As Brexit starts to make its way back to the front pages after a few months when it was quite rightly usurped by the far more pressing issue of the Covid-19 pandemic, the tensions in the negotiations to date and the significant gaps between the parties have been laid bare. TFG heard from Chris Bryant, Partner at Bryan Cave Leighton Paisner, to find out the latest on the Withdrawal Agreement and what’s next.

Following the completion of the UK’s Withdrawal Agreement in January 2020, there was an understandable expectation in many quarters that the government had (to use its election slogan) “Got Brexit Done” and that everything had been agreed.  The fact that negotiations had only just then started for a free trade agreement and that a deal was not a foregone conclusion has come as a surprise to many. 

In this vein, the publication of a report by the European Parliament in which it was noted that the EU has no legal obligation to offer any trade preferences to the UK came as a surprise to some observers.  The report was drafted in response to a letter from the UK’s chief negotiator, David Frost, in which the UK had complained that it was not been offered arrangements offered to some of the EU’s other trading partners.  Indeed, some on the right of the Conservative Party have even claimed that, if the EU does not grant the UK what it wants from a trade deal, it is in breach of its obligations under the Withdrawal Agreement, such that the UK could then refuse its own obligations under the agreement (most notably the multi-billion euro financial settlement to which the UK agreed to settle its liabilities). 

So, what is the position, and what does it mean for the UK and its trading partners?

In short, the legal position is a simple one and the European Parliament report is entirely correct.  The EU has no legal obligation, either under the UK’s Withdrawal Agreement or under international trade law more generally, to offer the UK any preferential treatment (and, for completeness, it is worth saying that the UK has no such corresponding obligation towards the EU). 

The UK’s Withdrawal Agreement requires both the EU and the UK to use their “best endeavours … in good faith to … take the necessary steps to negotiate expeditiously the agreements governing their future relationship” as set out in the Political Declaration agreed between them at the time of the Withdrawal Agreement.  This falls well short of any legal requirement that either party must offer the other any particular trading preferences.  There is not even a legal obligation to stick to what the parties agreed in high-level, non-binding terms in the Political Declaration.  (And, if anything, the EU probably has the bigger complaint here, given that the Political Declaration contains statements that the parties will seek a level playing field between them, something that recent comments from UK government ministers have cast into doubt.) 

Similarly, WTO rules are silent on how deeply countries must go in free trade agreements.  The WTO agreements do require FTAs to have significant breadth (so, for example, if an FTA covers goods, it must cover substantially all goods, and not limit itself to a select few).  However, there is nothing to suggest that a country such as the UK must be offered the same trading benefits as other countries.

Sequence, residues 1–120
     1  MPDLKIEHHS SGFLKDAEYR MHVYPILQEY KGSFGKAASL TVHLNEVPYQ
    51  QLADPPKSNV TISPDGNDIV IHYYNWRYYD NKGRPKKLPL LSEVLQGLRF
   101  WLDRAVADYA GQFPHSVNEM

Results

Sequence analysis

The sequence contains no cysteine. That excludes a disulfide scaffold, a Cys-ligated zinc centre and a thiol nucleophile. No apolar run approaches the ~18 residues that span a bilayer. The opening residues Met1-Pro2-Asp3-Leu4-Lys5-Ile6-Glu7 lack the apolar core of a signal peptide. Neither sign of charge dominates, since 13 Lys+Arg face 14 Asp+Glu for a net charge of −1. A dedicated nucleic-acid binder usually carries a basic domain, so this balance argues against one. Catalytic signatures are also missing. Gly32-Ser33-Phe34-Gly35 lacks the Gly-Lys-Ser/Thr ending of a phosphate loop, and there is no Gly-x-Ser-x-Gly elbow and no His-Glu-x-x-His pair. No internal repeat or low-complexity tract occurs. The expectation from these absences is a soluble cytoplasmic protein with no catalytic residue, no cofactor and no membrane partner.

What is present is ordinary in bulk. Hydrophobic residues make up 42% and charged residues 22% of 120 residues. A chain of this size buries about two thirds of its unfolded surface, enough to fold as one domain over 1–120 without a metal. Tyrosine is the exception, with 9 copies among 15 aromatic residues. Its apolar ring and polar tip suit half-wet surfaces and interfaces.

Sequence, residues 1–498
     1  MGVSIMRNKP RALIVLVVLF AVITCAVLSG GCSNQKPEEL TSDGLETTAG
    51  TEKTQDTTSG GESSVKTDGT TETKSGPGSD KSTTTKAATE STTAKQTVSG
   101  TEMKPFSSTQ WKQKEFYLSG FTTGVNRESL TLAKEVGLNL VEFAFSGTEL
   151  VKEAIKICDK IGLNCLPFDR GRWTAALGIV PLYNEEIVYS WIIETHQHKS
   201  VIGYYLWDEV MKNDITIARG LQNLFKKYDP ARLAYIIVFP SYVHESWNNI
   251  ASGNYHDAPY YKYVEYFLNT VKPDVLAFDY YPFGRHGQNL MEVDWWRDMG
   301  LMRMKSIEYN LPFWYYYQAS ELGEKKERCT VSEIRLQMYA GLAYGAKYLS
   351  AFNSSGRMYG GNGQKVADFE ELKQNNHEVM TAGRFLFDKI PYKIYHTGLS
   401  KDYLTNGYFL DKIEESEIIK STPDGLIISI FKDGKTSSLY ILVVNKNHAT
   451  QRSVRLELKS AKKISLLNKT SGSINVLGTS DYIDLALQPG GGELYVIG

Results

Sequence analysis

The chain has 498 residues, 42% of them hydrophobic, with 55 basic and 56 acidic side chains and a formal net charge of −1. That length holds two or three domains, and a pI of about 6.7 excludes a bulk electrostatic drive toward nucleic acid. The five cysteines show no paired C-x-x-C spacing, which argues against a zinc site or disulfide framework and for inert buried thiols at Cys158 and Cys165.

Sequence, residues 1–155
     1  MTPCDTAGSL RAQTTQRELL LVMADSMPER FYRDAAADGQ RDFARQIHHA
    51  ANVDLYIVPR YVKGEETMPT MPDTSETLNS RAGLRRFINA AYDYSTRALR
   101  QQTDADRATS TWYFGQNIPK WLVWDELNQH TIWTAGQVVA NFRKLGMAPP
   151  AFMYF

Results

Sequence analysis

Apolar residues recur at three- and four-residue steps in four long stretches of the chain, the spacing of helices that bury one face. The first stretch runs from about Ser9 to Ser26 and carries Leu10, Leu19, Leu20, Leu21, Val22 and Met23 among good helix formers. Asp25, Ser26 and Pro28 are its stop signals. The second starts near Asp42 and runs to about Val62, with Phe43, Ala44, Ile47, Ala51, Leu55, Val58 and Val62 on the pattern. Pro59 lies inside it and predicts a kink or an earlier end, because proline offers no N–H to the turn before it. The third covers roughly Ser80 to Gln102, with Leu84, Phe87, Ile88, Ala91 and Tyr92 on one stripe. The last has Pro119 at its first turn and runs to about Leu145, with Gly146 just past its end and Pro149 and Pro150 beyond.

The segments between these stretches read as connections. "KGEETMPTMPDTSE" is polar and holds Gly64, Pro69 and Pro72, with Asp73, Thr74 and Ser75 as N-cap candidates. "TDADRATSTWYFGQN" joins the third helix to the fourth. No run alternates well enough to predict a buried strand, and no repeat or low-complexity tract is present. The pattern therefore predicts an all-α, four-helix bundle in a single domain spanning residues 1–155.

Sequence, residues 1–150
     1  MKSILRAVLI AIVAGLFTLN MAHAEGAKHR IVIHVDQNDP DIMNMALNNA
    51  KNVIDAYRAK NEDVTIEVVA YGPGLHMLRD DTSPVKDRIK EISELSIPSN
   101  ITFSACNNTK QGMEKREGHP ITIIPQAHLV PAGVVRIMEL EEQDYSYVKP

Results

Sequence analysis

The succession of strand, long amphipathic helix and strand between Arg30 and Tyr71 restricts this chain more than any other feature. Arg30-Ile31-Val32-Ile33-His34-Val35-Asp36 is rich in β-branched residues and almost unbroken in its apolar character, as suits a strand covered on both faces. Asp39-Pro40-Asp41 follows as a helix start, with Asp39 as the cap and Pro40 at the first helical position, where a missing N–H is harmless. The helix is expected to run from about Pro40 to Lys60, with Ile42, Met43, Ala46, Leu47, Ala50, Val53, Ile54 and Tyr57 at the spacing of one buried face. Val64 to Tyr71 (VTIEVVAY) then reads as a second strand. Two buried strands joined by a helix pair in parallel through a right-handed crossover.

In fact, the EU’s existing FTAs themselves indirectly restrict the benefits that the EU can offer to the UK.  Several of the EU’s FTAs (for example, with Canada, Japan, South Korea and Mexico) contain what are known as “Most Favoured Nation” or MFN clauses.  These are essentially clauses meaning that, if one party to the FTA offers better terms to another country in respect of certain things (e.g. access to financial service markets), they must also offer those terms to their counterparty in the existing FTA.  (Think of it like when a supermarket offers to “price match” a deal from another store.)  Therefore, although there is no legal obligation on the EU to offer the UK particular trade preferences, there are obligations on it not to do so unless it also wants to offer those same terms to Canada, South Korea, Japan etc.

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So, where does all of this leave the UK and the EU if they do not reach an agreement? 

If no agreement is reached, we will start to hear the words “No Deal Brexit” a lot, and all over again.  The default position is that, immediately after the end of the current transition period (which is due to end on 31 December 2020), the UK and EU will trade with each other on WTO terms.  This means that goods traded between the two will be subject to tariffs and customs checks, and there would be no preferential access to each other’s services markets.  This would put the UK on the same terms as any other country with whom the EU does not have an FTA (which includes many smaller countries, but also some global powerhouses like the United States and China). 

From the point-of-view of other countries around the world, it is likely to lead to the UK government placing a heavy focus on securing trade deals elsewhere, as there will be much political clamour to offset (or at least give the impression of trying to offset) the inevitable losses arising from the change to the UK-EU trading relationship.  Governments around the world would be naïve not to see this as an opportunity to effectively “name their price” and it is clear from comments made by US politicians and officials that the US Trade Representative’s office sees itself in a strong negotiating position vis-à-vis the UK.  If this occurs, we will likely see a raft of trade agreements struck with the UK in relatively quick succession, with many opportunities for non-UK businesses and their governments to set out their demands. 

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